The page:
3. Alex’s comment took me by surprise… The joy of sharing an office with him is that this triggered a pretty mind-bending conversation. 🙂

    I understand your point… I think by using a capital G on Good, I invoked the platonicist notion of Good, without really defining it. And I agree that when you hold Good, in any kind, above all else, you risk committing “Evil”, however you end up defining that capital E word.

    I’m speaking of a more personal version of Good (perhaps I should say “good” and be done with it) which stems from a personal moral obligation to the world. So, let me try to define something which is non-ambiguous, even if the actual MEASURING of it is where you still end up with ambiguity.

    Good: Raising the sum total of well-being and happiness in the world, either by adding to it by contributing to people’s happiness and freedom, or by substracting suffering and misery.

    Key points of my definition of “good” is respecting and enhancing people’s freedom to be happy and to live lives they find fulfilling and meaningful.

    Implicit in the concept is respect of other peoples’ liberties.

    However much I try to apply relativism to this concept, I find that, say, helping build a house for people in a disaster area or helping with famine relief, has to somehow account into a notion of “good” that we can comfortably term absolute…

    There, wanna poke a few holes in this? 🙂

  4. Hey Ben : j’aime tes idées… Je vais y réfléchir. Mais ouais, je pense que mon sentiment vient un peu de la même place que le tiens!

    Ça sonne comme une conversation fascinante à avoir après un Pied de Cochon, à moitié saoul sur le vin rouge… 🙂

  5. There are a couple of ways I could approach undermining this:

    -I see a contradiction between wishing to increase “freedom” (which is one hell of a loaded word, more on this later) and “well-being” (which again, is subject to interpretation) while wanting to subtract “suffering and misery”.

    I content that happiness is not a state or a place, but “upwards movement on the wheel of life” (if you’ll permit a clunky metaphor). As such it has no meaning without suffering and misery.

    I content that “well-being” is dangerously cultural. I believe the colonial powers of past times really believed they were helping the lowly peoples of earth better their standard of living and their “well-being”. A lot of good that did.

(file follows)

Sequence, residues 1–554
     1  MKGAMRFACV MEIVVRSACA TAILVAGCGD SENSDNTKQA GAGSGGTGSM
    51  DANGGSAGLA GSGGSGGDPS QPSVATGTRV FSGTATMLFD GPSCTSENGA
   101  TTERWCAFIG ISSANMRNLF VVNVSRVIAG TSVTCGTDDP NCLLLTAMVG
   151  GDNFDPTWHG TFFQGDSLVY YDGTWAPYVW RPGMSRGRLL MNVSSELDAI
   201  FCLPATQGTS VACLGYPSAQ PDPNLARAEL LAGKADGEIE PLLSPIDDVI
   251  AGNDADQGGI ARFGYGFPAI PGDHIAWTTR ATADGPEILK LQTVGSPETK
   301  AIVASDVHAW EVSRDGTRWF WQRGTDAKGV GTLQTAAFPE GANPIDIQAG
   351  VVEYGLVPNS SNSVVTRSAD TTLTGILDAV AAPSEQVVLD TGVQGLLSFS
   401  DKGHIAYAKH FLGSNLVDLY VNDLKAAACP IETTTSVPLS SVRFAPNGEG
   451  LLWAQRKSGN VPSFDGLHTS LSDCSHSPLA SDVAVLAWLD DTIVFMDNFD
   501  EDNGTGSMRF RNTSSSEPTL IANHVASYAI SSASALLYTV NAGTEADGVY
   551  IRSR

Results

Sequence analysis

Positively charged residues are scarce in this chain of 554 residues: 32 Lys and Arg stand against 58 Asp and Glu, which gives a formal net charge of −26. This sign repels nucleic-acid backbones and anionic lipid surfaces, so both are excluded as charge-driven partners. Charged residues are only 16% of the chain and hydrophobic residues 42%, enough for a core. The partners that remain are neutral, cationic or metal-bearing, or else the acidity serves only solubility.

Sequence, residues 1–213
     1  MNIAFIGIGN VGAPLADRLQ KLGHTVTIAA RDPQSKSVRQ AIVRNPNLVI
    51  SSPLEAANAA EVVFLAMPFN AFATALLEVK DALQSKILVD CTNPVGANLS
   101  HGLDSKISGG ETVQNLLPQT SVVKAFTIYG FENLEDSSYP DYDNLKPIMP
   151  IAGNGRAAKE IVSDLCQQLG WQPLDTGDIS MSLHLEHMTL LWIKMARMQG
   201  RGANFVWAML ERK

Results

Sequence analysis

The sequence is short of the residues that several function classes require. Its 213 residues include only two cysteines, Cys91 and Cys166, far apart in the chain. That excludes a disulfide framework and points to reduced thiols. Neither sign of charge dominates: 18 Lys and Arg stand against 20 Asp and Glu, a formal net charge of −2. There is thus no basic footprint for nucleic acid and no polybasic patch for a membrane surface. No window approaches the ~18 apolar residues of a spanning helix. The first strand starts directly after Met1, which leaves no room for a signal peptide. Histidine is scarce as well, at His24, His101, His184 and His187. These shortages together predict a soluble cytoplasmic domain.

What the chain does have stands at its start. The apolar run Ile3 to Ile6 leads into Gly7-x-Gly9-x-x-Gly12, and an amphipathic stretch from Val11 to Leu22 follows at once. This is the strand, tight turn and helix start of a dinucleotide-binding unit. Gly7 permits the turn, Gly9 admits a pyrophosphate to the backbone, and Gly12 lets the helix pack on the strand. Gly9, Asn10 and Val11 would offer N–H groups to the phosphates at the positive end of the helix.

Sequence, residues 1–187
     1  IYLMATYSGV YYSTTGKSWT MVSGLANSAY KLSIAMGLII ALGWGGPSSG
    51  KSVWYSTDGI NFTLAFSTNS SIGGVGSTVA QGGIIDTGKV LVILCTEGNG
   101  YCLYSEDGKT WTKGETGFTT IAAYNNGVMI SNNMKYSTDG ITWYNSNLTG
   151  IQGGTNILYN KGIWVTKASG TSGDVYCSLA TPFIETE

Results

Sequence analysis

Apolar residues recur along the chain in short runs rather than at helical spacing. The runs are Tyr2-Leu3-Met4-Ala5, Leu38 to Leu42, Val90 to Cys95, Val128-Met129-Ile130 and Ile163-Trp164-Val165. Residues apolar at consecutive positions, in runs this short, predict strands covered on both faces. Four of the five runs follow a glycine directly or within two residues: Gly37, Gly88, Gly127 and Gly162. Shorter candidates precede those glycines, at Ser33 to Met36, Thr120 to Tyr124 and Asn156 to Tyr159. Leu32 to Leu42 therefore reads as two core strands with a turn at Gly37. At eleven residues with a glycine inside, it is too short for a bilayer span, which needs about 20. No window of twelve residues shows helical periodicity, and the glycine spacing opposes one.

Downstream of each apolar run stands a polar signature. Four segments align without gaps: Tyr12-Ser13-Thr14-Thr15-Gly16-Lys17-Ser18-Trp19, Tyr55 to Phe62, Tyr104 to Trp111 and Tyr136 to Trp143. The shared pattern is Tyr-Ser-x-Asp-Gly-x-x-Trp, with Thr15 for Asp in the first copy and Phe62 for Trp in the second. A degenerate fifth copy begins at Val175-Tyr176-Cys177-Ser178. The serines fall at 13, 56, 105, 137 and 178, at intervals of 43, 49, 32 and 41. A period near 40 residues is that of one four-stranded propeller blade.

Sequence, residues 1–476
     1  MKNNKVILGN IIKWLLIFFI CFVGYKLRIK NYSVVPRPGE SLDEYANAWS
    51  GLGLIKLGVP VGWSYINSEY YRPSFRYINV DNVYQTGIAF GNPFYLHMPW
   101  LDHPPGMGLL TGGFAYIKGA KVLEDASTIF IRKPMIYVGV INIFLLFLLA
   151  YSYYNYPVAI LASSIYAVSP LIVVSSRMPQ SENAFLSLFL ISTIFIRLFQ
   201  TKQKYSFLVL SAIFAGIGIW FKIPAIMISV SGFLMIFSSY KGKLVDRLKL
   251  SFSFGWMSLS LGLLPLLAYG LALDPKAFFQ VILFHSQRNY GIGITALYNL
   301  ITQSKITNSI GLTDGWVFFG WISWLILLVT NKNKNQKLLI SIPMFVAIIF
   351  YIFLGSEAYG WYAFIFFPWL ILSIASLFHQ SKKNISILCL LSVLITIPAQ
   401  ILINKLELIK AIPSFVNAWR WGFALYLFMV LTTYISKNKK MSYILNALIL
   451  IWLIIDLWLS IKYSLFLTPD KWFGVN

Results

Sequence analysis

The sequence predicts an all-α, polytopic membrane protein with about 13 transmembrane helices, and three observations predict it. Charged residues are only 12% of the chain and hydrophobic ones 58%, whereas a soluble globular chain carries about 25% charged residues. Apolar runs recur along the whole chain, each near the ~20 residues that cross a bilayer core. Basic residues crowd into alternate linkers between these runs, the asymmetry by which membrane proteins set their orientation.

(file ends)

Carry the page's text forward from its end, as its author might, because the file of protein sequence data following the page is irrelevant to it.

-On liberty, freedom and security:
    I argue that there is an inverse correlation between Freedom and Security.

    I also argue that a society who clearly chooses one over the other is bound for trouble (Anarchy vs Totalitarianism).

    I contend that “well-being”, as defined by an individual’s relation to his society, requires a minimum of security. In other words, to get individuals to work together, you must restrict freedom in some way.

    Now, that being said, I understand your intentions are good… and I feel I share them to a degree, but “the road to hell is paved with good intentions”.

    I think the trick is refusing the temptation to believe there is one true way, refusing our universal urge to seek out a universal perspective in which everything works, makes sense, or is “Good” for all.

    We are very good at confusing our mental model of reality for the “real thing”, but “The map is not the territory”.

    I say:
    Do what you think is good, and trust others to do the same.

    Treat others like you want to be treated (and don’t overly worry when it’s not how others want to be treated).

    You are an agent of change in the universe. You will create, modify and destroy what surrounds you, no matter what your intentions are.

    You will be a hero and a villain, the victim and perpetrator.

    For me, the only thing you can do to help is increase your awareness, of yourself, of others, and what ties us together.